Sunday, July 11, 2010

Who Is My Neighbor? Not Necessarily the Folks at the Block Party

The great Trevor Jensen, obituary editor of the Chicago Tribune wrote a sweet piece about the death of Herman Mills, a Leo Boxing Coach, last October.

Herman Mills, a quick-footed 138-pounder who fought on the undercard of a Joe Louis exhibition bout during boxing's golden era, worked with young fighters in Chicago gyms for more than 50 years.

Mr. Mills, 85, died of colon cancer Friday, Oct. 9, in Jesse Brown VA Medical Center, said Mike Joyce, who runs the boxing program at Leo High School.

Mr. Mills had been a volunteer coach at Leo for 12 years, and since his wife died four years ago had been living with Joyce. The former resident of the city's Bronzeville neighborhood had been spry until only recently, working with the boxers at Leo during the day and playing bingo in various Catholic churches at night.

Click my post title for the story. What goes unsaid in the story is the fact that Mike Joyce, an attorney and former pro boxer, had taken in Herman Mills, paid his bills, bought his clothes, his food, and made certain the the old gentleman was safe and happy and needed.

Mr. Mills had fallen on very hard times and much younger Irish American single man gave him a home.

That fact has always humbled me and jarred me today when I listened to Today's Gospel at Sacred Heart Church. Father Gallagher read:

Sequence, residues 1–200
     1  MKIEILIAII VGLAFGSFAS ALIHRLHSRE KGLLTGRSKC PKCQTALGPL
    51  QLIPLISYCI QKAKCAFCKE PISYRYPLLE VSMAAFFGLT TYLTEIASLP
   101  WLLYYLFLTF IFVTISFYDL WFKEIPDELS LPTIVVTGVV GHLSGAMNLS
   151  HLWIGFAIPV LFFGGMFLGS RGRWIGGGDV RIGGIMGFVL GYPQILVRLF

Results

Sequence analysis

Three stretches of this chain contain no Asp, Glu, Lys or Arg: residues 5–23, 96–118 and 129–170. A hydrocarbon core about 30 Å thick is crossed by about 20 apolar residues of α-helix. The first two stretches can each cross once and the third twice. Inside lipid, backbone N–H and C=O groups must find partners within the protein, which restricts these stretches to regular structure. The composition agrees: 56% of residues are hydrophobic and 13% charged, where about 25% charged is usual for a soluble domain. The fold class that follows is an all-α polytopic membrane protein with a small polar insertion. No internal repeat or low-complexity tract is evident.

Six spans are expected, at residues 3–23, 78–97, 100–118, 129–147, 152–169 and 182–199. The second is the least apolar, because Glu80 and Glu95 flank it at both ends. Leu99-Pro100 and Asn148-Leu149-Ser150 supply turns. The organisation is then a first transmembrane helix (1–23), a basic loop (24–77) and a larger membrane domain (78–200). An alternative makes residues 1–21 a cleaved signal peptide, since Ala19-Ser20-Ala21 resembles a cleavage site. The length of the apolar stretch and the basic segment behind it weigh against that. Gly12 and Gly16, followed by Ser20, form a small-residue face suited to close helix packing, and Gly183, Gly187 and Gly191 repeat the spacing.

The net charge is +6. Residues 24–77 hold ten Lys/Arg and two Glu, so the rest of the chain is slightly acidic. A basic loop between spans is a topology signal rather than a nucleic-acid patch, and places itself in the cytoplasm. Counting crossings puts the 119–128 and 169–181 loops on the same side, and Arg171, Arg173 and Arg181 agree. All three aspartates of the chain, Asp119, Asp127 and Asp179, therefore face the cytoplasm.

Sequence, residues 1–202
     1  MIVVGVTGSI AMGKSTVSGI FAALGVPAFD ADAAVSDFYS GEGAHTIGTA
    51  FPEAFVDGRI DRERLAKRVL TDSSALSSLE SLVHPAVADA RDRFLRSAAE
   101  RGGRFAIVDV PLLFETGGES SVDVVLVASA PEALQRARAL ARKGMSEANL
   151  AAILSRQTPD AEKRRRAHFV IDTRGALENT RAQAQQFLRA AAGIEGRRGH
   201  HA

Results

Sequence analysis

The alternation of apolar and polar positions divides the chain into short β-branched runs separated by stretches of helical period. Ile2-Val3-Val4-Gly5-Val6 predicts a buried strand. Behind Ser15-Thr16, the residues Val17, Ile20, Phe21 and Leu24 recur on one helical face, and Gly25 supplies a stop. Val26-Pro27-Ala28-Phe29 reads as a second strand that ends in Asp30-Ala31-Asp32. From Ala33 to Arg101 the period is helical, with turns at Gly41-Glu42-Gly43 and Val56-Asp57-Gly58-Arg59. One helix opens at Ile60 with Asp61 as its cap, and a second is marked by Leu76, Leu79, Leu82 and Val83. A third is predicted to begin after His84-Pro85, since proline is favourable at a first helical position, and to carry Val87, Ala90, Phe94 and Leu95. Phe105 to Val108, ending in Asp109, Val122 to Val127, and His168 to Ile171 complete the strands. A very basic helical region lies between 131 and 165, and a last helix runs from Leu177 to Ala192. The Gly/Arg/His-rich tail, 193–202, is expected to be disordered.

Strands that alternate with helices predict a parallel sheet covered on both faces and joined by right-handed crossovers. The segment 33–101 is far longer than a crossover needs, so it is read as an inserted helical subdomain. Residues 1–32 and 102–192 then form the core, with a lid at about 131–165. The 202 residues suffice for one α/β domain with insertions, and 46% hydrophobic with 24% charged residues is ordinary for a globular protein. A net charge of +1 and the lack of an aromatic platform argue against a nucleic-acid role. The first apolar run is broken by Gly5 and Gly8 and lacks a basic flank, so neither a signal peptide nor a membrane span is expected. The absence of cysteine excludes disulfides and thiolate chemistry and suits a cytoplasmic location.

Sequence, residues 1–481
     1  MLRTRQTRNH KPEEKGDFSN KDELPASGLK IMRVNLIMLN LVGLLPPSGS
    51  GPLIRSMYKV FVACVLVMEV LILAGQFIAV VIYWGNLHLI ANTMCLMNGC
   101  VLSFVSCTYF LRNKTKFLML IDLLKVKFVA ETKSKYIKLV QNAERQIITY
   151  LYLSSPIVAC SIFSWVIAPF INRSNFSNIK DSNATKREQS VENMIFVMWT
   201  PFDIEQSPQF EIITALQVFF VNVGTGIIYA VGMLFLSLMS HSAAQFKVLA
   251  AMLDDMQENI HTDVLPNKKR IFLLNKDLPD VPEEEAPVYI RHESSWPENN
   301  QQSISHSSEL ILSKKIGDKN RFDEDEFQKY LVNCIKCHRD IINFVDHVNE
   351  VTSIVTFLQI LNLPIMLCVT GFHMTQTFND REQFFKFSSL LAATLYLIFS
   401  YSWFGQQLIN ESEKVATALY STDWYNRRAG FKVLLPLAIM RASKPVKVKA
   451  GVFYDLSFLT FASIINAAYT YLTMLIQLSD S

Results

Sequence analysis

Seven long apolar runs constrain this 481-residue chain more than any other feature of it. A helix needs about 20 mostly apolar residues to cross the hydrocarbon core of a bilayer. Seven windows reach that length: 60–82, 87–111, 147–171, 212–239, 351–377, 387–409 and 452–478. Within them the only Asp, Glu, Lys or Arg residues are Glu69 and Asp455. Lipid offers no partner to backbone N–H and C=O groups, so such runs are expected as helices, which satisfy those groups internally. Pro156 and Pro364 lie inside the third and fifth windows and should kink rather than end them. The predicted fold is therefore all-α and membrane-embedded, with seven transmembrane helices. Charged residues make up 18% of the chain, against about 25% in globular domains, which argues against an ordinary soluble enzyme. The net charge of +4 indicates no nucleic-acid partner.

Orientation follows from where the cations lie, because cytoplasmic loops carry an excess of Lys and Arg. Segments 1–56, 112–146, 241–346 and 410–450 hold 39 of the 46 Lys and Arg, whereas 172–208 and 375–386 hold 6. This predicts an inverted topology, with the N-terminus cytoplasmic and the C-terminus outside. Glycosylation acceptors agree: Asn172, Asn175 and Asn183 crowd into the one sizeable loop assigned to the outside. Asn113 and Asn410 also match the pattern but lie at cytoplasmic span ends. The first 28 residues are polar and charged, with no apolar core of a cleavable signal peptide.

Luke 10: 25 - 37
. . . ."And who is my neighbor?"
Jesus replied, "A man was going down from Jerusalem to Jericho, and he fell among robbers, who stripped him and beat him, and departed, leaving him half dead.
Now by chance a priest was going down that road; and when he saw him he passed by on the other side.
So likewise a Levite, when he came to the place and saw him, passed by on the other side.
But a Samaritan, as he journeyed, came to where he was; and when he saw him, he had compassion,
and went to him and bound up his wounds, pouring on oil and wine; then he set him on his own beast and brought him to an inn, and took care of him.
And the next day he took out two denarii and gave them to the innkeeper, saying, `Take care of him; and whatever more you spend, I will repay you when I come back.'
Which of these three, do you think, proved neighbor to the man who fell among the robbers?"
He said, "The one who showed mercy on him." And Jesus said to him, "Go and do likewise."
. . .

He explained that our neighbors just might not be the folks we enjoy at our block parties.

I pray that someday I might be a much better person than I seem to continue to be - I'll do the easy ones twice; let's see how I do when my neighbor needs me.

No comments: